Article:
Please note that the Space Advisory Board website URL has changed, here is the updated link:
While the specifics of the contributions to each event listed in the e-mail is not always explained, the overall suggestion is that the SAB is at least working hard for the Canadian space industry.

If Stojak and the SAB only including a few discussions about the specific solutions they were advocating and the actual influence the SAB has with the Federal government, then we could start getting really excited.

Henry Stewart is the pseudonym of a Toronto based aerospace writer. 

AI is Hot and Even Gets Government Funding From the Canadian Space Agency

          By Chuck Black

Although the participants at several upcoming events over the next few weeks are expected to strongly lobby the Federal government to provide new funding for space focused projects, the Canadian Space Agency (CSA) has just gone out of its way to remind applicants that, while Federal funding for artificial intelligence (AI) is hot (even when the AI firms being funded are actually space companies), Federal funding for space activities is not.

As outlined in the October 15th, 2018 CSA press release, "Strengthening Canada's leadership in AI-driven robotics to support jobs," the CSA:
... is positioning Canada's space community to maintain its global leadership in space robotics. 
Accordingly, the CSA announced today that it is investing $1.6Mln CDN in two concepts for lunar rovers that would use artificial intelligence (AI) to make their own decisions.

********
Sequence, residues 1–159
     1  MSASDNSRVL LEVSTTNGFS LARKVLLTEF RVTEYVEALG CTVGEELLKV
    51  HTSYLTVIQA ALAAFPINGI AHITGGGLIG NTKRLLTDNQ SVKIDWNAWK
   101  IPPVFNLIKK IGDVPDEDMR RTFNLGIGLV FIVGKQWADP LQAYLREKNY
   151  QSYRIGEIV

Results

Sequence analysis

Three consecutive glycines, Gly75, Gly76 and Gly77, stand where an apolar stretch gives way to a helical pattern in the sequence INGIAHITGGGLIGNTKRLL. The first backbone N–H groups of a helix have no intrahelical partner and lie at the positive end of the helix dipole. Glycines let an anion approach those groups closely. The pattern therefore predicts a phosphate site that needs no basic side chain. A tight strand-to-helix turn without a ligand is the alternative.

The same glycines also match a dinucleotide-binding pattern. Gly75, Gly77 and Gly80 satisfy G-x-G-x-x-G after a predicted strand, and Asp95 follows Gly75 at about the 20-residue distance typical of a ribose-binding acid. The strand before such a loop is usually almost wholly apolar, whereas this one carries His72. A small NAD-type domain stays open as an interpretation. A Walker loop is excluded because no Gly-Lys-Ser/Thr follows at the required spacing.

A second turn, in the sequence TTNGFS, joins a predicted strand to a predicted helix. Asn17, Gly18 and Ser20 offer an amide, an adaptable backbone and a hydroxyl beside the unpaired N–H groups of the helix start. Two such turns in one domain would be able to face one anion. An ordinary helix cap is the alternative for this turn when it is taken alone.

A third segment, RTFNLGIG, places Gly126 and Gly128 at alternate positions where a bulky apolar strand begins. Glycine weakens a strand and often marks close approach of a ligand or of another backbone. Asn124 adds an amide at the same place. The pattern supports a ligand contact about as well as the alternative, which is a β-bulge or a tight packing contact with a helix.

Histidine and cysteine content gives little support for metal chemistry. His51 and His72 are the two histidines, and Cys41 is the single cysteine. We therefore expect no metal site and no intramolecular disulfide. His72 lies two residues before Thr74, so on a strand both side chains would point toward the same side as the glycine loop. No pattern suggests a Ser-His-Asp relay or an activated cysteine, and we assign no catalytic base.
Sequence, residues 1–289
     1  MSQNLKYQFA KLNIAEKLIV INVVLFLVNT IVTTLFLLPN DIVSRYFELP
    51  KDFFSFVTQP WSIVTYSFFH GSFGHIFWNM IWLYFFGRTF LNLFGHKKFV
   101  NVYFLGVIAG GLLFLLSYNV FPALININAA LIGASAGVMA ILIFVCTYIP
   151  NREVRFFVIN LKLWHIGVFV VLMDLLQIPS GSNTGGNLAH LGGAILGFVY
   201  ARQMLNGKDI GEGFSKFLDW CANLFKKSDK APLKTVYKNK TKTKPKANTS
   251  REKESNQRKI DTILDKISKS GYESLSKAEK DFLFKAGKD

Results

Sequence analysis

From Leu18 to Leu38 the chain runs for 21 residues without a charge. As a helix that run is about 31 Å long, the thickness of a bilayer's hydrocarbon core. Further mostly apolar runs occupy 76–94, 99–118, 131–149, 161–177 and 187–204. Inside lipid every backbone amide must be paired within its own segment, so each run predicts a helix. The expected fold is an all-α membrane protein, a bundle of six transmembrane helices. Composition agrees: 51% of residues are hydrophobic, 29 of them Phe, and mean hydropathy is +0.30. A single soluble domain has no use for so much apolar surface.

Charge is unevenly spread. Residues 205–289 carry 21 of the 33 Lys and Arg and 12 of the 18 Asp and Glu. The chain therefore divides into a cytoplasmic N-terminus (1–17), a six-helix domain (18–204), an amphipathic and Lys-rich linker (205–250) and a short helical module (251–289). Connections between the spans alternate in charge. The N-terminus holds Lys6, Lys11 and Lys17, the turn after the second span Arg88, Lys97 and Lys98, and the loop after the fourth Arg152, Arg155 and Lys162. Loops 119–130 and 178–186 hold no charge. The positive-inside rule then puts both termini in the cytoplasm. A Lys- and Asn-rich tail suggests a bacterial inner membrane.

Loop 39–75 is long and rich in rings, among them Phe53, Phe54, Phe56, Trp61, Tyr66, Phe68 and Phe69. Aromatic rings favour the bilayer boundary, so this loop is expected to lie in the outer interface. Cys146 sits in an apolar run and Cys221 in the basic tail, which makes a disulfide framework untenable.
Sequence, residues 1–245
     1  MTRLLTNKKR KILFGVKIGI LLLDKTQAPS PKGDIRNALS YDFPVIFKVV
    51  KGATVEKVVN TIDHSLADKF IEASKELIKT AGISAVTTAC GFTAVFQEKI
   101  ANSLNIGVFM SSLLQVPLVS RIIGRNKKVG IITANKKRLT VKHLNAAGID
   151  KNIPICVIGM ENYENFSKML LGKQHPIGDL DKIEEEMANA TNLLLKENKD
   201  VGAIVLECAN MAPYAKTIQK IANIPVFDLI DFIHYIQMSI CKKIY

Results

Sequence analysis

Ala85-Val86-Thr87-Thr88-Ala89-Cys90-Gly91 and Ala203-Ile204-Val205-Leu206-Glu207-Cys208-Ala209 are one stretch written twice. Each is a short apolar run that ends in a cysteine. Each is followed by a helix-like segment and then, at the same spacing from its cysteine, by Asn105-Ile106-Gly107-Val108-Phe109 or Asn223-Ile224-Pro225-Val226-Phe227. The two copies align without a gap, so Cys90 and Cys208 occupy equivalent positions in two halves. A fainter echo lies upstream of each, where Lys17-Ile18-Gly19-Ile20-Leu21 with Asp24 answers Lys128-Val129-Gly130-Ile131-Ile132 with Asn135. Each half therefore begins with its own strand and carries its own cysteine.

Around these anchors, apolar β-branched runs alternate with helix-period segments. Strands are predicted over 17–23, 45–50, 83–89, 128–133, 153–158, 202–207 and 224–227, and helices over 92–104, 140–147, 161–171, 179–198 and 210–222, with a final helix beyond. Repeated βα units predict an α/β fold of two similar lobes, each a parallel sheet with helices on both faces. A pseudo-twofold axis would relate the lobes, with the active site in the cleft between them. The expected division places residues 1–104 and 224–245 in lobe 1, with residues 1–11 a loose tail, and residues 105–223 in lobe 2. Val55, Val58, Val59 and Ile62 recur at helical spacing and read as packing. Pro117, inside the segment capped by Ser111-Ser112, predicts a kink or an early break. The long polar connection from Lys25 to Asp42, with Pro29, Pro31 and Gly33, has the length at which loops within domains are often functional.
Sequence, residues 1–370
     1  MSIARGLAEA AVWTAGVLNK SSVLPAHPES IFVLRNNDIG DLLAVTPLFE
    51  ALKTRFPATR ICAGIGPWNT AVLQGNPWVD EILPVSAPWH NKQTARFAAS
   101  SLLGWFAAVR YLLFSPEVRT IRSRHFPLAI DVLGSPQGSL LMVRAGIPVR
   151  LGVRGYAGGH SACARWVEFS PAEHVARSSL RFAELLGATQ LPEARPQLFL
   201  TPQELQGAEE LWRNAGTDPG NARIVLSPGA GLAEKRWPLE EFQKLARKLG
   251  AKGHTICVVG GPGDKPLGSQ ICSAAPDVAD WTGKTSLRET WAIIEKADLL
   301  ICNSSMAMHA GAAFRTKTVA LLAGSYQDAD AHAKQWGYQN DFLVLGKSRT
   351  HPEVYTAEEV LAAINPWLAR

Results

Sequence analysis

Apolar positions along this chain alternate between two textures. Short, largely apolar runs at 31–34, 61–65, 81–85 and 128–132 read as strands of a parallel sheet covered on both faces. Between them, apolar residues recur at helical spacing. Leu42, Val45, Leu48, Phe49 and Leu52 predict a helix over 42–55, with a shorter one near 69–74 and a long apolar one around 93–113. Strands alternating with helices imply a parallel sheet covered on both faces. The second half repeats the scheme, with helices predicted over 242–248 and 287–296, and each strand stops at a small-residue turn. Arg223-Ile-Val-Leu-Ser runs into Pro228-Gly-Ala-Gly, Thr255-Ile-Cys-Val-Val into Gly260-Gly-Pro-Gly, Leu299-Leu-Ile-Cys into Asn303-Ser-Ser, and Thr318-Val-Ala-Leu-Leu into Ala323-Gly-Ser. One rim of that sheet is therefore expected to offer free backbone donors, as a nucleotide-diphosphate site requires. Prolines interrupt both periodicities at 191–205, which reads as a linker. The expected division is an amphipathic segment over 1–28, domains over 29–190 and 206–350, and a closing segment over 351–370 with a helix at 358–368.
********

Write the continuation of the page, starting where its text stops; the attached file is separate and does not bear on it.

According to the press release, Brampton ON based MDA, a subsidiary of Westminster CO based Maxar Technologies and Caledon ON based Canadensys Aerospace Corporation have each been awarded a contract worth $800 000 CDN to develop innovative rovers using AI concepts for the CSA. The contracts awarded will support sixty-one "well-paying jobs" and position Canada to play an important role in future missions to the Moon.

But for the rest of us, we'll need to find private sector partners. 

The CSA made their latest announcement at the start of a three-day CSA "Industry Days" event to promote Canadian space capabilities to major space companies, including Kent WA based Blue Origin, Ottobrunn, Germany based Airbus Defense and Space and  Cape Canaveral FL based Moon Express. More than forty-four organizations are expected to attend the event from October 15th - 17th and over 70 business-to-business meetings are expected to take place, according to the press release.

Hopefully, some of those meetings will generate deals.

This is not the first time the Federal government has favored funding AI development over space activities.

As outlined most recently in the October 9th, 2018 post, "Creative Destruction Lab Receives $25Mln CDN from Federal Government for AI, Start-up Infrastructure and Jobs," the Federal Liberal government is heavily promoting AI investments.

As for MDA and Canadensys, they've both received previous funding from the CSA for rovers and can be reasonably expected to go after any new funding. Expect both to apply for the September 20th, 2018 CSA Announcement of Opportunity (AO) "Lunar Exploration Analogue Deployment (LEAD) – Capability Demonstration." 

The program objectives, worth $250,000 CDN over a maximum period of 24 months, are: